Android 4.1.1 is likely the only major version vulnerable to Heartbleed, but here’s an app to check anyway

By now, you’ve heard of Heartbleed. You’ve heard that this bug can be exploited to allow hackers to gain sensitive information from well-known services, many of which are still in the process of being patched. Just this morning, after days of outages, the Canadian Revenue Agency said that it has been subject to data theft from Heartbleed, likely between the time the bug was made public and the time the government decided to shut down its databases.

Bluebox, a security company, has done considerable work auditing Android versions from Ice Cream Sandwich and later (the OpenSSL bug that causes Heartbleed was only implemented after the release of Android 4.0, so Gingerbread and older are actually safe). They found that Android 4.1.1 is the only version inherently exposed to the SSL bug, as it implements both the insecure OpenSSL and heartbeats, which are disabled in subsequent releases.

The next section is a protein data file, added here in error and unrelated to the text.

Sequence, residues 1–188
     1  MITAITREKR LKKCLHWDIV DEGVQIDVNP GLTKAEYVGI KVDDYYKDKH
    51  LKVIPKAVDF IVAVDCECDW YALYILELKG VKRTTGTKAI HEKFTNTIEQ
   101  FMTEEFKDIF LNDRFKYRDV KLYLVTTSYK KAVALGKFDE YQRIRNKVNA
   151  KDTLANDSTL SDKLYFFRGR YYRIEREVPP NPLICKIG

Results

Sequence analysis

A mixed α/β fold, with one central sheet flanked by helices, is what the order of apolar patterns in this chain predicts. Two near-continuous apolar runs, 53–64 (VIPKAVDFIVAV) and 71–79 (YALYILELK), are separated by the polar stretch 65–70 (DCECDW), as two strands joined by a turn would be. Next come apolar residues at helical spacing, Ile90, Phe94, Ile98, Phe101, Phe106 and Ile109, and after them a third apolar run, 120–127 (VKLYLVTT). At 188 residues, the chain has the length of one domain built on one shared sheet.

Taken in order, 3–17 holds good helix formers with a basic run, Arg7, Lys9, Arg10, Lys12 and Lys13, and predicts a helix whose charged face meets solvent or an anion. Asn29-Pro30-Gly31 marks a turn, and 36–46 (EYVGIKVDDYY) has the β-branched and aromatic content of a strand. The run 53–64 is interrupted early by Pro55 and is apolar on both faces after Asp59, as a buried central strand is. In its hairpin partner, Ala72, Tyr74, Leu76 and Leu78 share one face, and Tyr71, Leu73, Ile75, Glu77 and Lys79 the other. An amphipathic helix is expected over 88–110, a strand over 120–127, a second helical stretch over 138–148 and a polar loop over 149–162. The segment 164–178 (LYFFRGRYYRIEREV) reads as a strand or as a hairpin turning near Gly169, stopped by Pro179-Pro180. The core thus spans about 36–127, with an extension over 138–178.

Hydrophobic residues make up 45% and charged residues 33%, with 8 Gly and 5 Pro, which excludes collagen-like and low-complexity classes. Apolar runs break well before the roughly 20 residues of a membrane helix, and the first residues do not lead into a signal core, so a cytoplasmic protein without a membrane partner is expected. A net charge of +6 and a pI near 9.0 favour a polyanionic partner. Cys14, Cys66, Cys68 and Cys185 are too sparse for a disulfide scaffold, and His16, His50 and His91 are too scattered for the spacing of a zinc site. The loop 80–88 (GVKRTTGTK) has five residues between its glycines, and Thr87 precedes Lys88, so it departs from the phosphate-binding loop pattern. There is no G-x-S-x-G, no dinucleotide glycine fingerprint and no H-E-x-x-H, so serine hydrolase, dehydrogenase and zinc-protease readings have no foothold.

Screenshot 2014-04-14 13.58.11

They’ve released a simple app called Heartbleed Scanner that looks through the OS itself and the apps installed therein to determine the ones still using older OpenSSL, as some developers integrate their own secure transport layer, while others use the one provided by Google. I was surprised to find that a number of my most-used messaging apps, including Kik, BBM and HipChat, are vulnerable.

All the companies listed above say that they’ve updated their certificates, and encourage users to change passwords just to be sure, but it’s alarming that a number of services were vulnerable for so long.

[source]Heartbleed Scanner[/source][via]Android Police[/via]